Event Title

Quality and Stability of Adults' Cross- and Same-Ethnicity Friendships

Poster Number

021

Faculty Mentor

Merry Sleigh, Ph.D.

College

College of Arts and Sciences

Department

Department of Psychology

Location

Rutledge

Start Date

20-4-2018 12:00 PM

End Date

20-4-2018 2:00 PM

Description

We compared young adults’ cross- and same-ethnicity relationships. Because similarity is an important factor in friendship maintenance, we hypothesized that adults’ same-ethnicity friendships would have higher stability than their cross-ethnicity friendships. Stability is an index of quality; therefore, we also hypothesized that the same-ethnicity friendships would be described as being of a higher quality. Participants were 65 young adults with a mean age of 19.33 (SD = 1.51). Participants randomly received one of two surveys. One version instructed participants to think of their closest, same-ethnicity friend while responding to the questions. The other instructed participants to think of their closest friend of another ethnicity. Then, participants responded to scales that assessed friendship quality, intimacy, and stability. Participants also responded to scales assessing barriers to cross-ethnic friendships and ethnic identity. We compared participants who were asked about same-ethnicity friendships to those who were asked about cross-ethnicity friendships and found support for one of our hypotheses. Young adults reported higher quality and more positive attributes associated with their same- versus cross-ethnicity friendships, but simultaneously reported similar levels of stability. These results differ from those found in children who reported lower stability and similar quality in their cross-ethnicity friendships. African American participants described the two relationships in unique ways, but concluded that the overall quality was the same. Caucasians described the relationship characteristics similarly, but concluded that the overall quality was better in same-ethnicity relationships. This mismatch is ironic because individuals of these two ethnicities are likely to be in cross-ethnicity friendships.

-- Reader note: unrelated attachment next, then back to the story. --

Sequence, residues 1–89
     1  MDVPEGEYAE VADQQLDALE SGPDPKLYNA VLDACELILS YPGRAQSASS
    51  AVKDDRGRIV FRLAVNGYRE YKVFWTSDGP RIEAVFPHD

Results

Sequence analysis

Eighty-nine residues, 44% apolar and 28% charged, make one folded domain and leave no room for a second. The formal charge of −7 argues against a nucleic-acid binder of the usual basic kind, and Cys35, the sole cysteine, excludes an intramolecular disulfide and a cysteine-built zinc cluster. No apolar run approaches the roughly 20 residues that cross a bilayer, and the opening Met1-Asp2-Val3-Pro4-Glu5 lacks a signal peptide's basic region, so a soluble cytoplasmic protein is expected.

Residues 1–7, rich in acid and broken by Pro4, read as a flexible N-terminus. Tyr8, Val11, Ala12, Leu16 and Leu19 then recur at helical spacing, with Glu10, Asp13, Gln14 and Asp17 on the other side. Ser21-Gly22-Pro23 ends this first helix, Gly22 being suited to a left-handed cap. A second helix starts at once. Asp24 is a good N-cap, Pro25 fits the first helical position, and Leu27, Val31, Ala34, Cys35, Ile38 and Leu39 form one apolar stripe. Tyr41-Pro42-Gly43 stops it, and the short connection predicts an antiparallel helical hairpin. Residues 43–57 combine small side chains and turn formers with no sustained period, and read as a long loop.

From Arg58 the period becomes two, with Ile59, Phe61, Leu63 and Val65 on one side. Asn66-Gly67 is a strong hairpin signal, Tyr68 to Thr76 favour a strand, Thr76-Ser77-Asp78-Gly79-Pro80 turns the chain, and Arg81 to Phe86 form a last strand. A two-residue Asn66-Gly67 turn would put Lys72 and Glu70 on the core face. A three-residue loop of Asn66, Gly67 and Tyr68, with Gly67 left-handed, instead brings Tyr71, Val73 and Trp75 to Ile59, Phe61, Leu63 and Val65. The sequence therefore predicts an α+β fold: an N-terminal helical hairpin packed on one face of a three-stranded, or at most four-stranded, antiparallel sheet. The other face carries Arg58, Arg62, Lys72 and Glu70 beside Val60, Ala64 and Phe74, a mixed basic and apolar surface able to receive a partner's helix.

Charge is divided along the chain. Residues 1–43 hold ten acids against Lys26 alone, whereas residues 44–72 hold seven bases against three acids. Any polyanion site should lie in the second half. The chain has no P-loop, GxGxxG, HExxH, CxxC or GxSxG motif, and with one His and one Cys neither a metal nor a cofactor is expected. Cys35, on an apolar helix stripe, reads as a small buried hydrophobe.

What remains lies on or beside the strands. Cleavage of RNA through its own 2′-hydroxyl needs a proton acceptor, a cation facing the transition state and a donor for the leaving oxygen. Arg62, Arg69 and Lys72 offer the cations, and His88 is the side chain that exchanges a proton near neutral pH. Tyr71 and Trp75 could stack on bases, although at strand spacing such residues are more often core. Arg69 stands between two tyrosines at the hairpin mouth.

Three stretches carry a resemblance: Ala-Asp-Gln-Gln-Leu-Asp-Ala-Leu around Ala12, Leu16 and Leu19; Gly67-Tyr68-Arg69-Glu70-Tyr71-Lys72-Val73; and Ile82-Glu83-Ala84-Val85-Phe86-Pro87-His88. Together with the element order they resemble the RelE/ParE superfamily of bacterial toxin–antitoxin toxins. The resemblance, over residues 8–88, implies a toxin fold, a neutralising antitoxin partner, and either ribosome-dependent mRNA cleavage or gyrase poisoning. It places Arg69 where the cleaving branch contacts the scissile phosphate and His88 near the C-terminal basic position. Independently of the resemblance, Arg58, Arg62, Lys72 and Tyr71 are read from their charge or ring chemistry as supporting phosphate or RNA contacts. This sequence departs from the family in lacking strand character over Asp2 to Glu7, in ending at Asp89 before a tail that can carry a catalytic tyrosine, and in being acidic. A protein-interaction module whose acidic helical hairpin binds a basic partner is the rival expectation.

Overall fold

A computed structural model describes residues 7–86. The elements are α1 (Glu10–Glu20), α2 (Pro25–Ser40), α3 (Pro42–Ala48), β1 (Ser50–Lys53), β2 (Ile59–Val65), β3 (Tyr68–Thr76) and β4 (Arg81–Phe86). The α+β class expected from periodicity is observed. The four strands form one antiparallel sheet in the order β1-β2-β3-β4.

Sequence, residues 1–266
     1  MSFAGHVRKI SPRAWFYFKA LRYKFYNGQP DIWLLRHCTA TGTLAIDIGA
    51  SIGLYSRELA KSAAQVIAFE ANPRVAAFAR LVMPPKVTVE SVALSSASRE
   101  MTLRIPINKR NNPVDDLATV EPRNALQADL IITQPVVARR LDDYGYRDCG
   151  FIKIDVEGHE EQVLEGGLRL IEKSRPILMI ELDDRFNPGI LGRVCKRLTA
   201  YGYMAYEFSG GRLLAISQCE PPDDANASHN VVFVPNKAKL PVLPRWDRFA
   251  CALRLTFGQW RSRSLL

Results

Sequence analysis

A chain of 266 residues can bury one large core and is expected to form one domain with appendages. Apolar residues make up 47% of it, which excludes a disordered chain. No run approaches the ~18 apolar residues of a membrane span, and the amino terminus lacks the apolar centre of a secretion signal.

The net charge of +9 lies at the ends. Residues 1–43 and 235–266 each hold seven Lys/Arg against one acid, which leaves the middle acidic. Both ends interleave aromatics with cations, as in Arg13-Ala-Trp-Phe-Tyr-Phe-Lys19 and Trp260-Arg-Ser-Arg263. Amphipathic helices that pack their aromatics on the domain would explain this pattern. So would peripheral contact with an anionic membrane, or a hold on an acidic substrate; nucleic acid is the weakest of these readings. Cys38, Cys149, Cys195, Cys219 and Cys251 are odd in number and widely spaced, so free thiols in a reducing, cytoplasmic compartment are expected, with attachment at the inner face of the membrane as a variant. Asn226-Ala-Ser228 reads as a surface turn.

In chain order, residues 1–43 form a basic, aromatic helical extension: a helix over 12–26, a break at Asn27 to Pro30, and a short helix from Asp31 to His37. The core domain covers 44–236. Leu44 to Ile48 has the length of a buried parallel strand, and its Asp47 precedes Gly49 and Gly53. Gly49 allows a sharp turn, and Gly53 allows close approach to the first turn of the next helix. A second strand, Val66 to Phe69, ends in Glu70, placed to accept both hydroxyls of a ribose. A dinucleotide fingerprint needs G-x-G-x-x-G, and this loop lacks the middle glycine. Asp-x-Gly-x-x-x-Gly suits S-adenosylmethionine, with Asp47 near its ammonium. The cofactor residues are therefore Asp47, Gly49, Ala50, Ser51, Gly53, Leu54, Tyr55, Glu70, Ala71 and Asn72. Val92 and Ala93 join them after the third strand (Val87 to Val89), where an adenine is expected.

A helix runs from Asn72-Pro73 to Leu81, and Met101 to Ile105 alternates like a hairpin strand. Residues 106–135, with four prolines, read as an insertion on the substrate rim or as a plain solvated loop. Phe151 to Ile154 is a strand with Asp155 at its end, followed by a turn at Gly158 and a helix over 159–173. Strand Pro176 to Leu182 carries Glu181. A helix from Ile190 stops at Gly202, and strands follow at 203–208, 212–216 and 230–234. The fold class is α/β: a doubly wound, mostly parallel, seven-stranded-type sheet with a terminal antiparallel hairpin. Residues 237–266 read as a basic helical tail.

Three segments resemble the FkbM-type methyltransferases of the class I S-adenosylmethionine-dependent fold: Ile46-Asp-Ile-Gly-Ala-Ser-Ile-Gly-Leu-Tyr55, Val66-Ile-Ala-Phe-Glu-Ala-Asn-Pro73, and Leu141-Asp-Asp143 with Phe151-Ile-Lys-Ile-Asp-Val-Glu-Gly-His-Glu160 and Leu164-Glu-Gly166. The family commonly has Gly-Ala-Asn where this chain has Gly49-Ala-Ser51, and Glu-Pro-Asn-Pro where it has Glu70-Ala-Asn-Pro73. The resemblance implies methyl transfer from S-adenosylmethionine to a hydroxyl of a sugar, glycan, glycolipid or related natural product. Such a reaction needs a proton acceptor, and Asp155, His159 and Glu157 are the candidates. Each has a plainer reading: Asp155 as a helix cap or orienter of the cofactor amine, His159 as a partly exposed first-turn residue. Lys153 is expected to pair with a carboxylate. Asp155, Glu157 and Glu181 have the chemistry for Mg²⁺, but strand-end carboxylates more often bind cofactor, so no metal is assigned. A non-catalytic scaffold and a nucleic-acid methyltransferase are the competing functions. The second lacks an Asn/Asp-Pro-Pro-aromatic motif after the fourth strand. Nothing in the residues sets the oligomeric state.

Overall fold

Previously Presented/Performed?

Southeastern Psychological Association (SEPA) Annual Meeting, Charleston, South Carolina, March 2018

Course Assignment

PSYC 302 – Sleigh

This document is currently not available here.

Share

COinS
 
Apr 20th, 12:00 PM Apr 20th, 2:00 PM

Quality and Stability of Adults' Cross- and Same-Ethnicity Friendships

Rutledge

We compared young adults’ cross- and same-ethnicity relationships. Because similarity is an important factor in friendship maintenance, we hypothesized that adults’ same-ethnicity friendships would have higher stability than their cross-ethnicity friendships. Stability is an index of quality; therefore, we also hypothesized that the same-ethnicity friendships would be described as being of a higher quality. Participants were 65 young adults with a mean age of 19.33 (SD = 1.51). Participants randomly received one of two surveys. One version instructed participants to think of their closest, same-ethnicity friend while responding to the questions. The other instructed participants to think of their closest friend of another ethnicity. Then, participants responded to scales that assessed friendship quality, intimacy, and stability. Participants also responded to scales assessing barriers to cross-ethnic friendships and ethnic identity. We compared participants who were asked about same-ethnicity friendships to those who were asked about cross-ethnicity friendships and found support for one of our hypotheses. Young adults reported higher quality and more positive attributes associated with their same- versus cross-ethnicity friendships, but simultaneously reported similar levels of stability. These results differ from those found in children who reported lower stability and similar quality in their cross-ethnicity friendships. African American participants described the two relationships in unique ways, but concluded that the overall quality was the same. Caucasians described the relationship characteristics similarly, but concluded that the overall quality was better in same-ethnicity relationships. This mismatch is ironic because individuals of these two ethnicities are likely to be in cross-ethnicity friendships.